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A Potted History

To pot a Swan

Bone and skin your Swan, and beat the flesh in a mortar, taking out the strings as you beat it; then take some clear fat bacon, and beat with the Swan, and when ’tis of a light flesh-colour, there is bacon enough in it; and when ’tis beaten till ’tis like dough, ’tis enough; then season it with pepper, salt, cloves, mace, and nutmeg, all beaten fine; mix it well with your flesh, and give it a beat or two all together; then put it in an earthen pot, with a little claret and fair water, and at the top two pounds of fresh butter spread over it; cover it with coarse paste, and bake it with bread; then turn it out into a dish, and squeeze it gently to get out the moisture; then put it in a pot fit for it; and when ’tis cold, cover it over with clarified butter, and next day paper it up. In this manner you may do Goose, Duck, or Beef, or Hare’s flesh. [E. Smith 1739]

Before the age of refrigeration, meat was preserved in a variety of ways: it was cured in salt, smoked, doused in honey and even buried in ash, but one of the tastiest ways it was preserved was that of ‘potting’. With the widespread availability of refrigeration potting may no longer be a necessary form of preserving, but it is a method that yields absolutely delicious results and one that combines tastiness with thriftiness, indeed the forgotten art of potting is long overdue a revival.

By the Medieval period the tradition of preserving meat and fish under a layer of clarified fat was in use. Small game birds and sometimes fish would be preserved whole by boiling them before dipping them in fat and then laying them is a pot and filling it to the top with more melted fat. Soon it was discovered that if the meat was pounded and mixed with butter and spices before being sealed with clarified butter it not only acted as a preservative, but created a delicacy. Through potting, surplus food could be kept for a future date without the fear of it turning rancid. Indeed the early tradition of potting was an expensive treat that combined costly spices with a way of preserving the best cuts of meat.

Sir Hugh Plat an English inventor , writer on agriculture and avid collector of recipes was a great advocate of potting and wrote during the Stewart period that potted meat would keep ‘sweet and sound for three weeks’ even in hot weather. With the promise of long keeping and flavoursome results cooks were quick to start potting all kinds of fish and fowl. There was no shortage of options when it came to potting, recipes to pot everything from swans to venison existed, whilst pigeon preserved in claret and butter was reported to keep for a quarter of a year.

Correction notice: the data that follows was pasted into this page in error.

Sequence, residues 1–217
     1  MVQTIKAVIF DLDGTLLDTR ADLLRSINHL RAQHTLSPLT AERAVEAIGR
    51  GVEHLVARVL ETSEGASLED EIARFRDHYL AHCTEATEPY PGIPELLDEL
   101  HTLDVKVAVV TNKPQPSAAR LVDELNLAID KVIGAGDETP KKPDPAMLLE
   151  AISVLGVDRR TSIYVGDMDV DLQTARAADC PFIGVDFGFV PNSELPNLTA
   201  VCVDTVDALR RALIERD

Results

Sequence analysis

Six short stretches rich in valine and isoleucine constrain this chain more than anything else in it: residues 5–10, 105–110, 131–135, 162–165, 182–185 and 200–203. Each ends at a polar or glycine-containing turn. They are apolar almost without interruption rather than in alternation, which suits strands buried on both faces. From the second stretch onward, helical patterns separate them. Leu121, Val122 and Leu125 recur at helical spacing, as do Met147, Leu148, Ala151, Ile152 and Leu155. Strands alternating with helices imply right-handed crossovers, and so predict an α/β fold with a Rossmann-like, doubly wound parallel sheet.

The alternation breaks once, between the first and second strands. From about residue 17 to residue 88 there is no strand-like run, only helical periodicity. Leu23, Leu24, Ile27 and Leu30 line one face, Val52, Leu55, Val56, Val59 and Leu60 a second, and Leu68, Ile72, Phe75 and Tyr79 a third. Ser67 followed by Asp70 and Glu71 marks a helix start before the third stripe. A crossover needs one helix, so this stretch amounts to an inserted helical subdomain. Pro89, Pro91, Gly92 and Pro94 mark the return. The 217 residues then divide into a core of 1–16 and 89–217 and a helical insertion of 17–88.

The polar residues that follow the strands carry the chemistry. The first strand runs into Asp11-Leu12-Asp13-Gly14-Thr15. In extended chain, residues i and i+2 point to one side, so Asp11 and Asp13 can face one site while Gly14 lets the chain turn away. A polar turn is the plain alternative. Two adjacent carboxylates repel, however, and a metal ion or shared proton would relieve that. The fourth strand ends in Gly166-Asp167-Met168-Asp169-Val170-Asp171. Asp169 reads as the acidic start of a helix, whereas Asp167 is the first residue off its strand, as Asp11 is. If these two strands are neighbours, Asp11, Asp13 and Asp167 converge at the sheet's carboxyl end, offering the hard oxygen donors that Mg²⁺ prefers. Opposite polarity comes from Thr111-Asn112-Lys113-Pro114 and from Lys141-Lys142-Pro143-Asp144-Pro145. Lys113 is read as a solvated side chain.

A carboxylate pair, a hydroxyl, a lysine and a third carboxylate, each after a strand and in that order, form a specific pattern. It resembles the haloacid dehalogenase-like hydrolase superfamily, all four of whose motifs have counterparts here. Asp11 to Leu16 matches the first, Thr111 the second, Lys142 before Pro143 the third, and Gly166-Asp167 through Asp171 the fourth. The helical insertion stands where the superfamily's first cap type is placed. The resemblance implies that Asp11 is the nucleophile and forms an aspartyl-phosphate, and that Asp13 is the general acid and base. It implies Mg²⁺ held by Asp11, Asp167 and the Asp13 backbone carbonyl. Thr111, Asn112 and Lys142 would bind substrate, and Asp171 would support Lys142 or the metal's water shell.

As the spice routes opened up and spices became more affordable and accessible to more householders, the world of potting became available to an increasing audience and was no longer the preserve of the rich. Records show that the foods potted included meats (ham, beef, veal, tongue, and game), poultry (chicken, turkey, and swan), small birds (woodcock, quail, lark, and pigeon), fish (char, tench, trout, and eel) shellfish (lobster, crab, and shrimp), mushrooms and cheese (also termed Pounded Cheese).

It is fair to say that the commercial potted pastes of the 20th century were poor imitations of what had once been quite opulent. Like many people I was put off potted meat by childhood memories of the cheerless, commercial meat-pastes spread on white sliced bread and squashed into a lunchbox. The little glass jars of salmon, beef and crab all shared the same slightly granular texture and was the stuff of unimaginative sandwiches and school day groans. Thankfully, home-made potted delights are amongst the finest pleasures in life and the taste of potted shrimps served with a squeeze of lemon and some good toast is guaranteed to lay all memories of commercial potted food to rest.

Potted Shrimps


  • 220g, cooked, peeled shrimps
  • 70g butter
  • ½ tsp ground mace
  • ¼ tsp black pepper
  • ¼ tsp ground cumin
  • ¼ tsp cayenne pepper
  • Clarified butter


Melt the butter gently in a saucepan and add the shrimps and spices and warm carefully (do not boil as this will toughen the shrimps). Stir as they heat and when thoroughly hot, spoon them into little pots and chill. Seal with a good ½ inch of clarified butter.

To Clarify Butter

Clarified butter is butter from which all milk solids has been removed. The result is a clear yellow fat that has excellent keeping quality.